Volume XLII-2/W5
Int. Arch. Photogramm. Remote Sens. Spatial Inf. Sci., XLII-2/W5, 147-153, 2017
https://doi.org/10.5194/isprs-archives-XLII-2-W5-147-2017
© Author(s) 2017. This work is distributed under
the Creative Commons Attribution 4.0 License.
Int. Arch. Photogramm. Remote Sens. Spatial Inf. Sci., XLII-2/W5, 147-153, 2017
https://doi.org/10.5194/isprs-archives-XLII-2-W5-147-2017
© Author(s) 2017. This work is distributed under
the Creative Commons Attribution 4.0 License.

  18 Aug 2017

18 Aug 2017

PUTTING ROMAN DAMS IN CONTEXT: A VIRTUAL APPROACH

M. J. Decker, J. P. Du Vernay, and J. B. Mcleod M. J. Decker et al.
  • Center for Virtualization and Applied Spatial Technologies (CVAST), University of South Florida, Tampa, USA

Keywords: Terrestrial Laser Scanning, Drone-based Photogrammetry, Point Cloud, 3D Modeling, GIS, Roman Dam, Spain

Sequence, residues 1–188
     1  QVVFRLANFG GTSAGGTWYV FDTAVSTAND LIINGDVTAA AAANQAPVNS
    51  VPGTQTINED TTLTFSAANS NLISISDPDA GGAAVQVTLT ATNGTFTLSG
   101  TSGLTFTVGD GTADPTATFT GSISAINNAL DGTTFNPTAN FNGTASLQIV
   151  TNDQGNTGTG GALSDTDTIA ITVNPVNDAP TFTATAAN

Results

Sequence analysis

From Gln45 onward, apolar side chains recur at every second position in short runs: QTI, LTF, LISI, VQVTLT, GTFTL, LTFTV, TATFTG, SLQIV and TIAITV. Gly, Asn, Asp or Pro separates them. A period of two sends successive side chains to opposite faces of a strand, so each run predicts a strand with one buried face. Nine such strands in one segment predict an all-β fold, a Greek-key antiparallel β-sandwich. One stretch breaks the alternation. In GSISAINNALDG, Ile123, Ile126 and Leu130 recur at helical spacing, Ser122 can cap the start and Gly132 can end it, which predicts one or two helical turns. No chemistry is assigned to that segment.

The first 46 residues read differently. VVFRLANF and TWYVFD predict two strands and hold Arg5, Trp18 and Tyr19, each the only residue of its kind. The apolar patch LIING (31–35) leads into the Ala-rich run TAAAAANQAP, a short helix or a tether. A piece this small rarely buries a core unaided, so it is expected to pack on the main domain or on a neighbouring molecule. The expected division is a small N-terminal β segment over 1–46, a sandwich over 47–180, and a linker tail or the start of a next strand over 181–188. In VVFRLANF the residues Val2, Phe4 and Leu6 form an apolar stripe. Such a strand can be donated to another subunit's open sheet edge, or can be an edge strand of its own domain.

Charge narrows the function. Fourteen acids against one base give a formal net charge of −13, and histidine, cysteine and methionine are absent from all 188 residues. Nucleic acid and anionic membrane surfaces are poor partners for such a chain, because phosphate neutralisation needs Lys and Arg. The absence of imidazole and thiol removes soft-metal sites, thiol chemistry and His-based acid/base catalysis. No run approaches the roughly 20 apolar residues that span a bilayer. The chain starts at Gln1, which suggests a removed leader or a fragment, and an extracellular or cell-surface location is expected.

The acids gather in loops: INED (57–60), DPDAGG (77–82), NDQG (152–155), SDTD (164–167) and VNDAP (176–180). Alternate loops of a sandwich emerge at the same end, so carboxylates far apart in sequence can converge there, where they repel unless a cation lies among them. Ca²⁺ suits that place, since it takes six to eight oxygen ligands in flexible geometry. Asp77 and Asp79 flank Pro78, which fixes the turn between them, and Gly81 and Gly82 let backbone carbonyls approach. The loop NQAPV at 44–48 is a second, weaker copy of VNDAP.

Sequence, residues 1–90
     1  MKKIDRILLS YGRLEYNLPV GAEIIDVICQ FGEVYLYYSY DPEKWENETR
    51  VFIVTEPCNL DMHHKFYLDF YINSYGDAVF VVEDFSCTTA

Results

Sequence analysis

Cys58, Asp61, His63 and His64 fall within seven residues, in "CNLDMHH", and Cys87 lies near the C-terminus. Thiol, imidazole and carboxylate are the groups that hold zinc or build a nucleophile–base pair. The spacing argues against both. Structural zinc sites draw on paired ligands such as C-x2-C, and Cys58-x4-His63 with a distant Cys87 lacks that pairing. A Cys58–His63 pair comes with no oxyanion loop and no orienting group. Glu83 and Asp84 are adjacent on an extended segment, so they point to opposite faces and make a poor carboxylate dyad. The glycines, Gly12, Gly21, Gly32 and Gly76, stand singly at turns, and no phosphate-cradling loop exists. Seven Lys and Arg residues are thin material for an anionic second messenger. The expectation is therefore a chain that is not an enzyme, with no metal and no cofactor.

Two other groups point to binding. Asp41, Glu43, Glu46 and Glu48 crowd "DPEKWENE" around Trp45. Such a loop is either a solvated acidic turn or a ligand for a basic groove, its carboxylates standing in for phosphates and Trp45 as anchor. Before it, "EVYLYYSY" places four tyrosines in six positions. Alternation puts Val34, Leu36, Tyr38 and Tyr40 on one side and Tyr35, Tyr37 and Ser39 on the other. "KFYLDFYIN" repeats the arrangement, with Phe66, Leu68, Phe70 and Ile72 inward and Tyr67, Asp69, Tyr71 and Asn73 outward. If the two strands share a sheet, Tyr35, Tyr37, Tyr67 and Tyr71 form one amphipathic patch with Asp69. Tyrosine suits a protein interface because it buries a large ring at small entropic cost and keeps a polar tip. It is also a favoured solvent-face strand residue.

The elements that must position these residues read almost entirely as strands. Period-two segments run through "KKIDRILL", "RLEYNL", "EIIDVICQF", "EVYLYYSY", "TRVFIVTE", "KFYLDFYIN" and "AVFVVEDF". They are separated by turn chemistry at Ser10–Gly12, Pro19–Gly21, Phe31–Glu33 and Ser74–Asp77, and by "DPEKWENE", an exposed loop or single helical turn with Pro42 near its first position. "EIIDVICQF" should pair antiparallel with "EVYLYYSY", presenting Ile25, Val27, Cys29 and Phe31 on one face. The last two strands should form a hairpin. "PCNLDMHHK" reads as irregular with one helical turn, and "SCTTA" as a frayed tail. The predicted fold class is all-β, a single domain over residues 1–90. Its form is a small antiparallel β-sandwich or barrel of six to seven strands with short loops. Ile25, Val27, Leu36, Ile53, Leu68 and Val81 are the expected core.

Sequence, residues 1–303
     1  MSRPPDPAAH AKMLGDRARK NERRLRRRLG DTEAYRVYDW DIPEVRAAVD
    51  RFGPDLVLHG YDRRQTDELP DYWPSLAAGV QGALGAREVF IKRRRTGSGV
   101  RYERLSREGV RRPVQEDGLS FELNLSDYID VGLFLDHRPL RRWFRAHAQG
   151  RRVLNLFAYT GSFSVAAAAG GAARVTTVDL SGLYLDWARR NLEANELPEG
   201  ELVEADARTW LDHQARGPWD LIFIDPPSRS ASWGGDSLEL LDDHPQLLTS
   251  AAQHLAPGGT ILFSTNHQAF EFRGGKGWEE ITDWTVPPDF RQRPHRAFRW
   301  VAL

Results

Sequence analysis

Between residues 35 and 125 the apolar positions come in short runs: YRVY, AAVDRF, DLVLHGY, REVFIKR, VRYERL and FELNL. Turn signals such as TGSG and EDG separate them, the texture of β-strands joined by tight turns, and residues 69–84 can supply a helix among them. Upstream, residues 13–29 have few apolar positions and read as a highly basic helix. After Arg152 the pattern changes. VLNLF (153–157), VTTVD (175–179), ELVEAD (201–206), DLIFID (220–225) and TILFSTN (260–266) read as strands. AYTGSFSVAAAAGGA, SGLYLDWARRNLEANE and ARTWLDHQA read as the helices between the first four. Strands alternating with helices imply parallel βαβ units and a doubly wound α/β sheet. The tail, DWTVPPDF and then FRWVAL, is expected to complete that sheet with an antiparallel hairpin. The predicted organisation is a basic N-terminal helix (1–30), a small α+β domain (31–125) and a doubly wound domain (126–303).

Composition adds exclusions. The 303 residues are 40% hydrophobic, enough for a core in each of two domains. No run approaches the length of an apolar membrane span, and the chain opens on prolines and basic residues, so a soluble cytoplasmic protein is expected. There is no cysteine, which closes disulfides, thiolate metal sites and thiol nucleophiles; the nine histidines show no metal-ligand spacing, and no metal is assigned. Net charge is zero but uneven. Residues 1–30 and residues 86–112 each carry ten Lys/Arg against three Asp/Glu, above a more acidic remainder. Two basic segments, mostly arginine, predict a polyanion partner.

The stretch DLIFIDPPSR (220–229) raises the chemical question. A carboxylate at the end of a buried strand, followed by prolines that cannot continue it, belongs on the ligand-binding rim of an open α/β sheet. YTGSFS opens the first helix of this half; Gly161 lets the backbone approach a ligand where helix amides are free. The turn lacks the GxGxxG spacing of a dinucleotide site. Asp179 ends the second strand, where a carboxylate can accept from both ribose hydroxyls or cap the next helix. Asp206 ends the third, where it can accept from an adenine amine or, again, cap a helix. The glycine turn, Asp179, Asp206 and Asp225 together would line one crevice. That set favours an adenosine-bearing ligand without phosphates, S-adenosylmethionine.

Abstract. Water resources and management have become a critical global issue. During the half-millennium of its existence, the Roman Empire developed numerous strategies to cope with water management, from large-scale urban aqueduct systems, to industrial-scale water mills designed to cope with feeding growing city populations. Roman engineers encountered, adopted, and adapted indigenous hydraulic systems, and left lasting imprints on the landscape of the Mediterranean and temperate Western Europe by employing a range of water technologies. A recent academic study has enabled the identification of remains of and references to seventy-two dams from the Roman era, constructed in Spain between the 1st and 4th century AD. Such unique heritage, without comparisons in the Mediterranean makes Spain an emblematic case study for the analysis of Roman hydraulic engineering and water management policies. Fifty dams have been located and detailed. The twenty-two outstanding, although identified on the ground, have not been able to be acceptably characterized, due in some cases to their being ruins in a highly degraded state, others due to their being masked by repairs and reconstructions subsequent to the Roman era. A good example of such neglected dams is the buttress dam of Consuegra , in Toledo province (Castilla-La Mancha). Dating to the 3rd - 4th century AD, the Dam of Consuegra, on the basin of the Guadiana, with its over 600 metres length and 4,80 metres height, is a remarkable case of Roman engineering mastery. It had a retaining wall upstream, numerous buttresses and perhaps an embankment downstream, of which no remains are left. The application of 3D digital imaging technique to create a high quality virtual model of such monuments has proved to be successful especially for the study of the technological aspects related its construction. The case study of the Roman dam of Muel (Zaragoza) has shown, in fact, as best practices in digital archaeology can provide an original and innovative perspective on a long time studied monument. In this paper it will be explored how deploying recent computer technologies to the Roman dam at Consuegra can advance our understanding of the history of local and regional landscape change and the technology of water management. In summer 2016, the dam has been documented with terrestrial laser scanning with two FARO Focus 3D x330 and aerial photogrammetry image capturing with a DJI Phantom 4 drone. Data was processed in various 3D software applications to generate 3D representations of the dam including 3D point clouds, animations, and meshed models.